If you run an online or retail business, did you know that you might be prohibited from advertising a manufacturer’s products below a certain minimum price?
Minimum advertised pricing (MAP) policies are particularly critical to manufacturers who sell their products for online resale, given the ease at which consumers can now conduct online and mobile price comparisons. MAP policies are also established to help small businesses compete and sell on service and value, rather than entering into a price war with cost-cutting big box stores.
But how legally enforceable are these minimum advertised pricing policies and, as a small business owner, is there a way to get around them in your sales and marketing practices?
The Truth About Minimum Advertised Pricing
Minimum advertised pricing only relates to “advertised” pricing and is perfectly legal under U.S. antitrust statutes. So, essentially, you are limited to advertising MAP-protected products at a certain price, but you can sell these products at any price you choose (often guided by the Manufacturer’s Suggested Retail Price or MSRP).
What Does this Mean for Online Businesses?
Under typical MAP agreements, online retailers can’t “display” any prices that fall below the MAP price. But which part of an online store actually represents advertising display space has caused quite a bit of controversy. For example, say a product is listed on a site for $10. Once a coupon code or other incentive is applied, the actual shopping cart price could come down to $8. Is that still considered “advertising” since a transaction technically hasn’t yet occurred, or is it a commitment to buy and outside the scope of a MAP agreement?
The difference between an advertised price and an actual price that you may be charged has come under scrutiny by U.S. Circuit Courts and FTC rulings, which tend to agree that an actual price displayed in a secure/encrypted shopping cart isn’t subject to MAP – because it’s technically not advertising space, but represents an actual storefront. So in an online world, an actual price may legally end up being a lot lower than the MAP-required advertised price.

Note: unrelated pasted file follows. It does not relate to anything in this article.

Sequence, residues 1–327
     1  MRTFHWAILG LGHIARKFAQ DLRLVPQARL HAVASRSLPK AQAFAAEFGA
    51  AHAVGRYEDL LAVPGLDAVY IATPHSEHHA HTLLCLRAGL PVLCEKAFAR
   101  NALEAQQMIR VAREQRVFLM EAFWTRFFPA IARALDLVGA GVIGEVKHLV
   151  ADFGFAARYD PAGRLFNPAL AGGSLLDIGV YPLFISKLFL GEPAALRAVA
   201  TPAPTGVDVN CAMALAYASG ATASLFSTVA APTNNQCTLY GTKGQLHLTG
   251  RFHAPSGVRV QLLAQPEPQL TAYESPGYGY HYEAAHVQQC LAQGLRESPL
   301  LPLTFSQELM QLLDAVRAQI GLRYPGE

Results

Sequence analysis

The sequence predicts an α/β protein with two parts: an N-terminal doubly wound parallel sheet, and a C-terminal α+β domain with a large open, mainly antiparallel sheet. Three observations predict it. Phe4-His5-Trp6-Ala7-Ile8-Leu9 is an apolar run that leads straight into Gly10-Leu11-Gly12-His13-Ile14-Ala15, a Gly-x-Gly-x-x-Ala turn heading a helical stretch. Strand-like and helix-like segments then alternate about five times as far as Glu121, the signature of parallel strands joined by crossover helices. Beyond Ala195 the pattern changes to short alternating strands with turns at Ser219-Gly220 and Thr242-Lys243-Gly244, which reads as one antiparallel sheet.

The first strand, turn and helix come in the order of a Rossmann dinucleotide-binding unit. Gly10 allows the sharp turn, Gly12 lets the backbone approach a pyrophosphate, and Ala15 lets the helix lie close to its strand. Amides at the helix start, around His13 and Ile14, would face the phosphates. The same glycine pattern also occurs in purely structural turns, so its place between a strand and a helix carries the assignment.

In fact, manufacturers are often advised to focus their MAP policies on advertised prices in paid search ads, shopping comparison ads, and internet landing pages but not in shopping carts or other point of sale interfaces.
Look for Alternative Ways to Discount
While it’s not always advisable to lead with price in your marketing efforts, look for other ways to attract customers without breaking any MAP agreements. For example, many manufacturers are okay with your offering free shipping, coupon codes, or a “buy-one-get-one at a discount,” if MAP doesn’t protect that other item. Essentially, as long as the dollar value of the MAP-protected product isn’t reduced, then you are okay. Be careful with coupon codes. It’s safer to advertise the coupon—not the product that it can be applied against—so as not to imply that you are advertising the MAP item at a reduced price. Instead, be clear about what items are excluded from any coupon code promotion.
The Bottom Line
If you are unsure about how your online advertising and marketing practices may border on breaking any MAP agreement you have with a manufacturer, talk to them or consult a legal attorney. Manufacturers do monitor their dealers for potential violations and the law is constantly in flux on this one, so do your due diligence.
For more information about the legality of MAP policies, check out the Federal Trade Commission Guide to Antitrust Laws.